Hospice - Frequently Asked Questions

What are the levels of care?

  • Routine Care - Nursing, social work, chaplain, home health aide and volunteer services provided to patients in the home or nursing home.
  • Continuous Care - Hospice can provide nursing care eight to 24 hours a day in times of medical crisis for pain and symptom control. This can often minimize the need for hospitalization.
  • Acute Inpatient Care - Hospice can provide short-term inpatient care for pain control symptom management in facilities approved by Beaumont Hospice.
  • Respite Care - Hospice will provide short-term respite care to give patients time in a setting other than the home. Facilities must be approved by Hospice.

Who does hospice care for?

  • people with life-limiting illness
  • people who choose comfort and pain management rather than curative treatment
  • people who choose no extreme means to sustain life
  • people with end-stage diseases such as cancer, heart disease, lung disease, Alzheimer's disease, kidney disease, ALS and AIDS
  • family members who are grieving the loss of their loved one

What services does hospice provide?

Hospice care, unlike home health care, provides treatment to manage pain and symptoms associated with a terminal illness. In addition, hospice care gives support - emotionally, spiritually, and socially to the patient and the family. The goal of hospice is to provide comfort and care, not "cure" the illness or disease, like home health care. Types of hospice care services provided depend on the patient's needs and preferences. Services may include:

  • Nursing care - In consultation with the physician, a registered nurse will set up a plan of care. Nursing care may involve administering medication, monitoring the condition of patient, controlling pain, and providing other health support.
  • Medical social services - Medical social workers provide various services to the patient, including counseling and locating community resources to help the patient and his or her family. Some social workers are also the patient's case manager when the patient's medical condition is very complex and requires coordination of many services.
  • Physician services - The physician plays an important role in determining the plan of care with the hospice care team.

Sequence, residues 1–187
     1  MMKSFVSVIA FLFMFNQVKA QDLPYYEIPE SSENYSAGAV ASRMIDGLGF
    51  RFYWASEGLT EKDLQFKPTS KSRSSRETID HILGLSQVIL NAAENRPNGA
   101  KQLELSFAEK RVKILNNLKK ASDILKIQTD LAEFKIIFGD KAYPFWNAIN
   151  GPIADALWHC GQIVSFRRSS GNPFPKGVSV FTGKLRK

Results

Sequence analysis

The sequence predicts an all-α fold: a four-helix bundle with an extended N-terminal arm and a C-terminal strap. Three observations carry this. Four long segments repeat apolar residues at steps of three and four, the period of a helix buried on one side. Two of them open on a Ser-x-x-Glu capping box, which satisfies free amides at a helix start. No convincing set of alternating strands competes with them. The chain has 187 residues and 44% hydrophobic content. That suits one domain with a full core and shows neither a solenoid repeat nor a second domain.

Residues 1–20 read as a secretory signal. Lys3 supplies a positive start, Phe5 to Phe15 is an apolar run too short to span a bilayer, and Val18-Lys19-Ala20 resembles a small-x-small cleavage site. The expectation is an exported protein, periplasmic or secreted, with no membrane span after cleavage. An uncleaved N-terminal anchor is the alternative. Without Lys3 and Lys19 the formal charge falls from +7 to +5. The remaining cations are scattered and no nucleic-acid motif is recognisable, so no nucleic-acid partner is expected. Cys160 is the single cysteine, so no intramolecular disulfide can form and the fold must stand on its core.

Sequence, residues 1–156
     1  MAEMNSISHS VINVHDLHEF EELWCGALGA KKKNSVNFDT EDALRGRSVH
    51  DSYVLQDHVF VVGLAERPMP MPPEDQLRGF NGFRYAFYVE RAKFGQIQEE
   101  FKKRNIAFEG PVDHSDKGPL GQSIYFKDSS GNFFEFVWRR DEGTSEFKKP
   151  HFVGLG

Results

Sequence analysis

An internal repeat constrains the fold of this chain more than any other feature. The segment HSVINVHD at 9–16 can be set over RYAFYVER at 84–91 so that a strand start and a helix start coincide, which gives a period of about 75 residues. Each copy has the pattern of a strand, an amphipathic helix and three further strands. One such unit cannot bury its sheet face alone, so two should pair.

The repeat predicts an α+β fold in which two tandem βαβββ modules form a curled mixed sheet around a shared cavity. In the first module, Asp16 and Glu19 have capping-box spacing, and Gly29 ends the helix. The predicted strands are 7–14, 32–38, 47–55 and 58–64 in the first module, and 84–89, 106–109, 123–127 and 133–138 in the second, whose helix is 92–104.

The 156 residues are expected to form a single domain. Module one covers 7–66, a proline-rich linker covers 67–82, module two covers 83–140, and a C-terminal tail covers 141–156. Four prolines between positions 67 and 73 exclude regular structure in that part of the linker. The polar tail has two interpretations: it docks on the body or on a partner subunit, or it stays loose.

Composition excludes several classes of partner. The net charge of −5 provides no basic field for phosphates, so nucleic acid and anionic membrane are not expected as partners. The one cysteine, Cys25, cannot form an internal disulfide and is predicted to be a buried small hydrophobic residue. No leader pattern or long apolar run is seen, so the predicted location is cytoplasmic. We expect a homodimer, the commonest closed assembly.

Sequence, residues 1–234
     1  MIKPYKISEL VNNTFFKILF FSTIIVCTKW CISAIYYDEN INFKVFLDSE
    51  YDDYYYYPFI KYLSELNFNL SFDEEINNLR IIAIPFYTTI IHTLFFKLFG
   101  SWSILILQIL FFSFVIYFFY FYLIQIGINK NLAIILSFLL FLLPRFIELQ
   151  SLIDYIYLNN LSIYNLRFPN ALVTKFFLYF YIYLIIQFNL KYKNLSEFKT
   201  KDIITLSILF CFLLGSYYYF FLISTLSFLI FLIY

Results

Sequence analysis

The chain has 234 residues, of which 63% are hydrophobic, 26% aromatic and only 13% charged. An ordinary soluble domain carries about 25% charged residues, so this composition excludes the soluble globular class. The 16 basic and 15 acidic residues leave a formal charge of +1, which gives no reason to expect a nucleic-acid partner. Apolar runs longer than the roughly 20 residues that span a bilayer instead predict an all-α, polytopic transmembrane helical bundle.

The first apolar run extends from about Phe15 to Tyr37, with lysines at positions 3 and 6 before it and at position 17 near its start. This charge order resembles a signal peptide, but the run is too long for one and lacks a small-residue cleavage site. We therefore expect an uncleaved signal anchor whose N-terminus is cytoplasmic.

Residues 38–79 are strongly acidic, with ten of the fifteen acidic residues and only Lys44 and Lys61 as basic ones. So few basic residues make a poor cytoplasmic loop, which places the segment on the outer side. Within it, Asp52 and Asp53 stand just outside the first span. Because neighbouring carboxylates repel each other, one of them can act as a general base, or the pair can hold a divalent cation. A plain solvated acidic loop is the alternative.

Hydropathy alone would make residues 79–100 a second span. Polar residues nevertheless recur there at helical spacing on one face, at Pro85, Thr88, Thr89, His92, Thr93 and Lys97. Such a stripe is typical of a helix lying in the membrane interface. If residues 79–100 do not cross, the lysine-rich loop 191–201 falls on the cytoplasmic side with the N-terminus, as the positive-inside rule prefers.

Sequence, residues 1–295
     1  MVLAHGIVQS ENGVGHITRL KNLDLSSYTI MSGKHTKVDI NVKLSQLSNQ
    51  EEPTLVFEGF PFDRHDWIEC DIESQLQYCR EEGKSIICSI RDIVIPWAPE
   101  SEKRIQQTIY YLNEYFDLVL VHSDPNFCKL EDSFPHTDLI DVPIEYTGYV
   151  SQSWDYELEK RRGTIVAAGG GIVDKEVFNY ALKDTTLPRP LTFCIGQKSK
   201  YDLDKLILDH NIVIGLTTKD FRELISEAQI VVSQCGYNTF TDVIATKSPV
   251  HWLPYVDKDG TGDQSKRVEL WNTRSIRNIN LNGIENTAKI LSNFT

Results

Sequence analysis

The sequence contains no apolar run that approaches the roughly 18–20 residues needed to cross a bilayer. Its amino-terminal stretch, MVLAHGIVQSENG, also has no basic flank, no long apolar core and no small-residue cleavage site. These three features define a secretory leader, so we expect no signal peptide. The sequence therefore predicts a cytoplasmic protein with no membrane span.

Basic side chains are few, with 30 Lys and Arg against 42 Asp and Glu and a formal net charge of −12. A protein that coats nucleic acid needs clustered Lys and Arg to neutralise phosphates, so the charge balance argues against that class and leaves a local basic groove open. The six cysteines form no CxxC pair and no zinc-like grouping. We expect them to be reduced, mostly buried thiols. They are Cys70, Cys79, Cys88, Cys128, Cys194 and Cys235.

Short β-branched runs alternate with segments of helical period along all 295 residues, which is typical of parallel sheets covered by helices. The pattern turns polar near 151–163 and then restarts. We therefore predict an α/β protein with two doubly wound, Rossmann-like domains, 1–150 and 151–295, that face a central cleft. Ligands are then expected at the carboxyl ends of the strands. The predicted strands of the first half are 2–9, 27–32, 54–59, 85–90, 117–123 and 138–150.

• Spiritual services - Depending on the patient's religious or spiritual beliefs, hospice care can include support from clergy or other spiritual counselors for the patient and the family.
  • Home care aide or homemaker services - Home health aides can help the patient with his or her basic personal needs such as getting out of bed, walking, bathing, and dressing. Some aides have received specialized training to assist with more specialized care under supervision of a nurse. A homemaker or attendant can maintain the household with meal preparation, laundry, grocery shopping, and other housekeeping chores.
  • 24-hour care or on-call care - Hospice care teams are usually available 24 hours a day, seven days a week. Visits or phone consultations can often be made any time of day.
  • Hospice inpatient care - At times, it may become necessary to move the hospice patient from the home to a hospital or other care facility. The hospice can arrange this care and then resume hospice care when appropriate.
  • Volunteer care - Volunteers are often part of hospice care teams, providing services ranging from companionship to carpooling. Volunteers often fill in the gaps for families dealing with a terminal illness and provide support for both the patient and the family.
  • Physical, occupational, and/or speech therapy - As a terminal illness progresses, the patient may lose his or her ability to accomplish basic daily tasks such as dressing or feeding. Physical, occupational, and/or speech therapists can work with the patient to find new ways to accomplish lost functions.
  • Respite care - Caring for a terminally ill patient 24 hours a day can be exhausting for a family. Respite care gives the family a much-needed break by arranging for a brief in-patient stay for the patient, or extra services in the home.
  • Bereavement support - Care for the family does not end with the death of a patient. The hospice care team works with the surviving family members to help them cope with the grieving process. Bereavement support may include counseling, support groups, or medical referrals.

Physician Services

  • Hospice physicians are available to meet general medical needs for symptom and pain control and to oversee management of the illness and related conditions to the extent these needs are not met by the attending physician.

Skilled Nursing

  • Nurses coordinate all services necessary to the patient's illness, which may include teaching, supervision and direct care.

How is hospice paid for?

Most insurers (including Medicare, Medicaid, Blue Cross and HMOs) reimburse for hospice care. Most insurers also cover short stays in hospitals or nursing homes for pain and symptom control or for respite care. No patient is denied hospice care due to financial or insurance reasons. Contributions to Beaumont Hospice, a non-profit organization, allow us to provide services regardless of ability to pay.